A similar fate befell MACo’s bills in the 2016 session, when the House made modest amendments and passed the bill. The Senate committee, citing an extraordinary workload from other high profile legislation, did not focus on the body camera bills and they died without a formal vote, for lack of action.

 

You’re Invited: Join Us for Our Weekly Legislative Update Conference Call

Every Friday during the legislative session MACo will host a conference call that will update you on the Maryland General Assembly hot topics and bills that affect local governments. Join the conversation at 3:00 pm each week as MACo explores different topics and hosts guest speakers.

This week’s topic (March 10): Environment and Public Information / Ethics

MACo Policy Associate Kevin Kinnally will be joined by MACo Legal and Policy Counsel Les Knapp for an update on a number of environmental and public information/ethics bills. Call in for an update on police body cameras, energy siting, septics, collective bargaining, and more!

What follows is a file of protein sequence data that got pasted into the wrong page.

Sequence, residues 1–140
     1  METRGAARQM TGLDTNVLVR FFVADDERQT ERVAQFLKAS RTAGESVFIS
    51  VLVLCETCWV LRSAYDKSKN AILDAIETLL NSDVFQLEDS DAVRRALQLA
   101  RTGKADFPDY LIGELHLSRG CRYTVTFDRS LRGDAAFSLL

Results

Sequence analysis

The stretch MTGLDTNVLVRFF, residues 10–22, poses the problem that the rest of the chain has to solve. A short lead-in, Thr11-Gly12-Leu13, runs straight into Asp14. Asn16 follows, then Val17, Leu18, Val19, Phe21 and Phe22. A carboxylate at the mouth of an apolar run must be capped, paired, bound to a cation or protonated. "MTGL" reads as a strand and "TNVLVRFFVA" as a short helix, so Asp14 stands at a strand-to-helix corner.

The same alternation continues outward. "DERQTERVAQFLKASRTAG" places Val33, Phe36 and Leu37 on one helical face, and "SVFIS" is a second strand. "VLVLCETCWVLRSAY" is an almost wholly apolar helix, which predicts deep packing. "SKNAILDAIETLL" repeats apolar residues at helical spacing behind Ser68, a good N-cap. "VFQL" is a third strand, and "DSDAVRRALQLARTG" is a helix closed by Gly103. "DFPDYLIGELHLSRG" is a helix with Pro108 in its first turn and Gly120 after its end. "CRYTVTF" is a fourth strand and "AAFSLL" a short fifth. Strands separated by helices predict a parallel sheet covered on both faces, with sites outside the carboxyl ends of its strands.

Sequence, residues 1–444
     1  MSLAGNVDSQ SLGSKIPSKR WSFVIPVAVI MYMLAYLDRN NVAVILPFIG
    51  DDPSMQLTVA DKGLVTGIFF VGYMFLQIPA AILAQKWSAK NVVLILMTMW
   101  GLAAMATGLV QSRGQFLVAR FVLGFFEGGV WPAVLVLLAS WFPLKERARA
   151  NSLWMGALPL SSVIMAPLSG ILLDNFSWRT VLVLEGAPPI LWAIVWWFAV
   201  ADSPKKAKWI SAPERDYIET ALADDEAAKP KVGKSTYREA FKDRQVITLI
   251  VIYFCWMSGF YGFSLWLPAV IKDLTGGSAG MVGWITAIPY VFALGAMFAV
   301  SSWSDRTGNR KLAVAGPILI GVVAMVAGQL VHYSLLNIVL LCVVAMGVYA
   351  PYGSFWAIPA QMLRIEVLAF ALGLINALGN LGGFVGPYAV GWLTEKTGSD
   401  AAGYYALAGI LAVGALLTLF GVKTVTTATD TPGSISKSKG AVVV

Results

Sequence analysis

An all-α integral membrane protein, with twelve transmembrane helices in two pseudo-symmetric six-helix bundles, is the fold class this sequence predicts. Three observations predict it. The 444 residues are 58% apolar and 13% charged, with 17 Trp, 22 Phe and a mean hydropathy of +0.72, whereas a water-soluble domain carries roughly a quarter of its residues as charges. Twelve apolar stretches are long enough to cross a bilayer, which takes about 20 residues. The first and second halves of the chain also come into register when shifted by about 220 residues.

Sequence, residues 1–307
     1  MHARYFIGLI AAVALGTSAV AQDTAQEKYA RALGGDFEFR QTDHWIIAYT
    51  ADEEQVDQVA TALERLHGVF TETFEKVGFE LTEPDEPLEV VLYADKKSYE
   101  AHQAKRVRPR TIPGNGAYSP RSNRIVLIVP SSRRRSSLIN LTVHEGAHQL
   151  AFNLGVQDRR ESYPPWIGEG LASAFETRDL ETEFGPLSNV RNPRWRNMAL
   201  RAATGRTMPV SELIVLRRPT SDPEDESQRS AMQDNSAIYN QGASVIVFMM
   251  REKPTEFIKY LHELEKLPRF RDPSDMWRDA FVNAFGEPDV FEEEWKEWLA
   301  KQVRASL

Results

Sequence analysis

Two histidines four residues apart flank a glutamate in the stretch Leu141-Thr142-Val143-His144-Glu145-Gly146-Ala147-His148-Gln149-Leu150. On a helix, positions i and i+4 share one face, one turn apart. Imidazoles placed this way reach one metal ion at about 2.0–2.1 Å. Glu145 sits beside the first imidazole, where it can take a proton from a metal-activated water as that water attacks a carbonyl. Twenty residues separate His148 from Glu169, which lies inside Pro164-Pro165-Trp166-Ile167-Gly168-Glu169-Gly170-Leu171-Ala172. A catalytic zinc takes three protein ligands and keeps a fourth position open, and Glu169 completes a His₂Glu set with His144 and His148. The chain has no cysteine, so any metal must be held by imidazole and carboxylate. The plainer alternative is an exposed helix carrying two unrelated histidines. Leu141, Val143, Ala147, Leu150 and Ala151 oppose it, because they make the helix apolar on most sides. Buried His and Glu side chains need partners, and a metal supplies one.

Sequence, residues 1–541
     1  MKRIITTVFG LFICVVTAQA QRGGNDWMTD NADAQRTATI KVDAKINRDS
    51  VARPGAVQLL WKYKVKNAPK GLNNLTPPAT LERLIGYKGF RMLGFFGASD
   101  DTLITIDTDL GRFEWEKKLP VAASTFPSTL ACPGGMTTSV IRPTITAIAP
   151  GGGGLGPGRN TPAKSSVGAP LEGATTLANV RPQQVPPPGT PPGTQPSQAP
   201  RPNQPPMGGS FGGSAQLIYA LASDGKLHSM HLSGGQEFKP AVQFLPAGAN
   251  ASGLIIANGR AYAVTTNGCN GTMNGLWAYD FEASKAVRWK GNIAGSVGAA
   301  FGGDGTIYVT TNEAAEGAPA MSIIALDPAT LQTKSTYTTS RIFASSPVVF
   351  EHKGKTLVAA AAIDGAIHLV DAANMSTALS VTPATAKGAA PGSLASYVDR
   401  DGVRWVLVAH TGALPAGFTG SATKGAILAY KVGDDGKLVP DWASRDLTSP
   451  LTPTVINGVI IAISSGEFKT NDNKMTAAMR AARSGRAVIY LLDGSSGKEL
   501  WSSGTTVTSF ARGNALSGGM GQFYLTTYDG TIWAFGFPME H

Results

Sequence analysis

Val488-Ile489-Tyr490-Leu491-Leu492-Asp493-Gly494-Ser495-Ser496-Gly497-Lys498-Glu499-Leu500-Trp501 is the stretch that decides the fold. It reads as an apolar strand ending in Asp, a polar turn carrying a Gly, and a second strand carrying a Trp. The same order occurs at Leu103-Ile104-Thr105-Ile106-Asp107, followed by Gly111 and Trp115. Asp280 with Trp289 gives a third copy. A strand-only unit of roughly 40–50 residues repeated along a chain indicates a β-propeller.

Conference call information: 1.877.850.5007, passcode: 2690043#

We look forward to your participation! Submit your questions in advance by e-mailing Kevin Kinnally.

You’re Invited: Join Us for Our Weekly Legislative Update Conference Call

Every Friday during the legislative session MACo will host a conference call that will update you on the Maryland General Assembly hot topics and bills that affect local governments. Join the conversation at 3:00 pm each week as MACo explores different topics and hosts guest speakers.

This week’s topic (March 3): MACo Initiatives Update

MACo Policy Associate, Kevin Kinnally will be joined by members of the MACo Policy Staff for an update on MACo’s 2017 Legislative Initiatives. Call in for an update on school construction funding, energy siting, police body cameras, and #LIFt4MD (Local Infrastructure Fast Track for Maryland)!

Conference call information: 1.877.850.5007, passcode: 2690043#

We look forward to your participation! Submit your questions in advance by e-mailing Kevin Kinnally.